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    Painkillers, Narcotic Misuse, and Addiction

    What Is Narcotic Misuse?

    One of the most frequent reasons people go to the doctor is for pain relief. There are a number of different drugs that can ease pain.

    Opioids -- also called opiates or narcotics -- are pain relievers made from opium, which comes from the poppy plant. Morphine and codeine are the two natural products of opium. Synthetic modifications or imitations of morphine produce the other opioids:

    Fentanyl (Duragesic)                  

    Heroin (street drug)

    Hydrocodone with acetaminophen (Lorcet, Lortab, Vicodin)

    Hydrocodone (Zohydro ER, Hysingla ER) 

    Hydromorphone (Dilaudid)


    Oxycodone (OxyContin)

    Oxycodone with acetaminophen (Percocet)

    Oxycodone with aspirin (Percodan)


    When people with no history of drug addiction appropriately use narcotics at prescribed doses to control pain, they are relatively unlikely to become addicted to the drugs. However, opioids provide an intoxicating high when injected or taken orally in high doses. Opioids are also powerful anxiety relievers. Additionally, in people with no history of addiction who take opiates for chronic pain, studies have not found clear-cut predictors of who is more or less likely to eventually abuse their pain killers. For these reasons, narcotic abuse is one of the most common forms of drug abuse in the U.S.

    Terms like opioid abuse, drug abuse, drug dependence, and drug addiction are often used interchangeably. However, modern diagnostic classification systems technically no longer use the terms "abuse" or "dependence" but instead refer to "substance use disorders" with accompanying levels of mild, moderate or severe intensity.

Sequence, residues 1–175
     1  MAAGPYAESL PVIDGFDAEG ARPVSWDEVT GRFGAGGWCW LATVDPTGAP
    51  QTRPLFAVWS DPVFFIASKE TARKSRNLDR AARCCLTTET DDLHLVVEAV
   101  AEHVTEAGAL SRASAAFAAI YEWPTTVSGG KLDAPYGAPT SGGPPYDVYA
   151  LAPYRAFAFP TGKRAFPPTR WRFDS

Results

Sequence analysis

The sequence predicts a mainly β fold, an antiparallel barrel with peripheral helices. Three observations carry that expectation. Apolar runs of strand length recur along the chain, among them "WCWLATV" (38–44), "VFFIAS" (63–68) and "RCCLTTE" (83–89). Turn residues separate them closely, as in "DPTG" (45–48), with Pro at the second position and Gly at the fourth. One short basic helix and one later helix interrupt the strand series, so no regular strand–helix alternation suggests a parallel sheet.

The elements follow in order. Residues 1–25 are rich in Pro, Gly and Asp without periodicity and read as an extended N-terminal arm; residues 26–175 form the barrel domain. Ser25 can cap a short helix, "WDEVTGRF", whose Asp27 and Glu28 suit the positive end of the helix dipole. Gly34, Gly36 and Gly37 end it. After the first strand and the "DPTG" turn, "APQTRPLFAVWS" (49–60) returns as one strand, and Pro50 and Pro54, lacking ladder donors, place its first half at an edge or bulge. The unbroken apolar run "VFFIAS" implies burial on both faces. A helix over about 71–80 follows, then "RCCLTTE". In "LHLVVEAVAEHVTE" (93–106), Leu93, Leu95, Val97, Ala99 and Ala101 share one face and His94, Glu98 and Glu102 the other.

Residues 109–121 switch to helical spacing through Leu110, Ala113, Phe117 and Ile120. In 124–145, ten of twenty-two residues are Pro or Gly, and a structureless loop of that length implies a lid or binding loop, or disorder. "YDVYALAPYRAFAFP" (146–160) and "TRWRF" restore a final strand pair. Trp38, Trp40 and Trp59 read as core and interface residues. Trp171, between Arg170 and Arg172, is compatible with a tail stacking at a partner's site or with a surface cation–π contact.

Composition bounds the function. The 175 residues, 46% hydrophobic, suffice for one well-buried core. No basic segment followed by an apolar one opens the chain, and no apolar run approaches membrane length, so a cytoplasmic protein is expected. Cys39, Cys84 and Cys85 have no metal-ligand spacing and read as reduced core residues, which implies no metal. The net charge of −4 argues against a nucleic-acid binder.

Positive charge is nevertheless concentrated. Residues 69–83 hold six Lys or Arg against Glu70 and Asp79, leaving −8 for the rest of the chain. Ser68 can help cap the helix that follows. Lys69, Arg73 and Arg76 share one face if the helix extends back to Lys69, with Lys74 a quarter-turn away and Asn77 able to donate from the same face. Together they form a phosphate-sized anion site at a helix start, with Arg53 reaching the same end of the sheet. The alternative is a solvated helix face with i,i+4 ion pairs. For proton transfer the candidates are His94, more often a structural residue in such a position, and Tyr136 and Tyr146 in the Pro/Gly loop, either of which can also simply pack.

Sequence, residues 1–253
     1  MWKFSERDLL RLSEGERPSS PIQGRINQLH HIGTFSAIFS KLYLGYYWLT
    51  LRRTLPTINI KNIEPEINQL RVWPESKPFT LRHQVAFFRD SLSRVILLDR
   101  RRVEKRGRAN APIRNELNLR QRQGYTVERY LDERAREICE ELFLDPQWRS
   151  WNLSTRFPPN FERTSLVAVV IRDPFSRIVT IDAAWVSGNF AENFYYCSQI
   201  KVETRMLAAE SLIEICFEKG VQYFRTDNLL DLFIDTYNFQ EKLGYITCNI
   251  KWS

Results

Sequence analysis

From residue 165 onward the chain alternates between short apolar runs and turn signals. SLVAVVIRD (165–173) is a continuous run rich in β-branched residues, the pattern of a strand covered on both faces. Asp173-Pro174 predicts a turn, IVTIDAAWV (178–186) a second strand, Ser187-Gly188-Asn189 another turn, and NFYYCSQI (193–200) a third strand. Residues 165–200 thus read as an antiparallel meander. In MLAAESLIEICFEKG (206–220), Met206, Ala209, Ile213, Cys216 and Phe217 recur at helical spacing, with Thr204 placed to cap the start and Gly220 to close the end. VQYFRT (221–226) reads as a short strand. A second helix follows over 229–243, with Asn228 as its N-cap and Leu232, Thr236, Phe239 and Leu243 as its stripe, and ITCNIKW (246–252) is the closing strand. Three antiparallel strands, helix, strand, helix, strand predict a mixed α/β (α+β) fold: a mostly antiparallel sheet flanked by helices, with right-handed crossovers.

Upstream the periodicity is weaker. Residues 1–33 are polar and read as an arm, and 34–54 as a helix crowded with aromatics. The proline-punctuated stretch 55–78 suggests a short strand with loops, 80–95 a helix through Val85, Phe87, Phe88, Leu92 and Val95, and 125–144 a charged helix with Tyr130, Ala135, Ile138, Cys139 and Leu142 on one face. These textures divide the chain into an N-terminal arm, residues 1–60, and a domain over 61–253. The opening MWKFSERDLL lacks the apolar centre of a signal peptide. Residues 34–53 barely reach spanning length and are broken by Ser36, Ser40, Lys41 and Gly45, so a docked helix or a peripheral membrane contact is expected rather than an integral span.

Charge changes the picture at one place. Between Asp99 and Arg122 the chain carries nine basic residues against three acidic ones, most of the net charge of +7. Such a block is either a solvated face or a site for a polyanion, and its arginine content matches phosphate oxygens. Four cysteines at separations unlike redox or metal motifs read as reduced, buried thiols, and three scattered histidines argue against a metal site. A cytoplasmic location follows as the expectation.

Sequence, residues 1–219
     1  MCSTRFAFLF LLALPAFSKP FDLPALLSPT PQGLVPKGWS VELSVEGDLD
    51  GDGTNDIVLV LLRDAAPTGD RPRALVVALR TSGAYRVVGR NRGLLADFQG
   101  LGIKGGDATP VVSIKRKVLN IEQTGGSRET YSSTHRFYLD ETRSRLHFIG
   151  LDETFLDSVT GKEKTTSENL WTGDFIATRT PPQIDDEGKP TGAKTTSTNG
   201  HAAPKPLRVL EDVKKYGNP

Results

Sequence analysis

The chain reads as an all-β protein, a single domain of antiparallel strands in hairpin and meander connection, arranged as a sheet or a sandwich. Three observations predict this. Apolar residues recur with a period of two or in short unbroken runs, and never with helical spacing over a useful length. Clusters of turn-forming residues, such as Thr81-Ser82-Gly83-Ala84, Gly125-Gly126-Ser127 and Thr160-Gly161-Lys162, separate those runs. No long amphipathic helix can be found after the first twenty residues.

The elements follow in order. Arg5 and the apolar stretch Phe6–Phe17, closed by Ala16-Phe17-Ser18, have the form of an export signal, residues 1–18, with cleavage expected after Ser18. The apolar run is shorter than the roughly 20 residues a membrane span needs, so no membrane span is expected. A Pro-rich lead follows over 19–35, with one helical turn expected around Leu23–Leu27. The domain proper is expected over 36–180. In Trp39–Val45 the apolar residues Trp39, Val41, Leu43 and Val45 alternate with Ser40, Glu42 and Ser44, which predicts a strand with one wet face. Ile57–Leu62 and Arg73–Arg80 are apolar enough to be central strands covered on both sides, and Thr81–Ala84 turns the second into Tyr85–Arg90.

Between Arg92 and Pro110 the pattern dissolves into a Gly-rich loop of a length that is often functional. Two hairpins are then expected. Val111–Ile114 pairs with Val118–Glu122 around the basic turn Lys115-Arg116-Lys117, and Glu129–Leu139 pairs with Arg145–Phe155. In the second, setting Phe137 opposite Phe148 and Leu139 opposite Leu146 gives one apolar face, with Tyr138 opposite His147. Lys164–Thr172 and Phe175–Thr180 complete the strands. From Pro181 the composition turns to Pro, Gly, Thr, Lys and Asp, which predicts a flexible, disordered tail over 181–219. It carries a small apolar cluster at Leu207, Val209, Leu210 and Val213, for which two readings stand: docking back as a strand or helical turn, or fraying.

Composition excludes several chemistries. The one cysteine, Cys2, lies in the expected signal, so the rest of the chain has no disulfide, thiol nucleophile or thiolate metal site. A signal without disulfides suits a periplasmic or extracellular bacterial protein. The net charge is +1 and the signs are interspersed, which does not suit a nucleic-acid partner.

Drug misuse occurs when someone uses a medicine beyond a doctor's prescription, usually with the intention to get high, or relieve anxiety or distress. According to the Substance Abuse and Mental Health Services Administration (SAMHSA), opiate use disorder involves:

    • strong desire to use opioids
    • inability to control or reduce use
    • trouble meeting social or work obligations
    • having legal problems due to drug use
    • spending large amounts of time to obtain opiates
    • development of tolerance (meaning the need to use larger amounts over time)
    • having withdrawal symptoms after stopping or reducing use (such as depressed mood, stomach upset, insomnia, and muscle aches)

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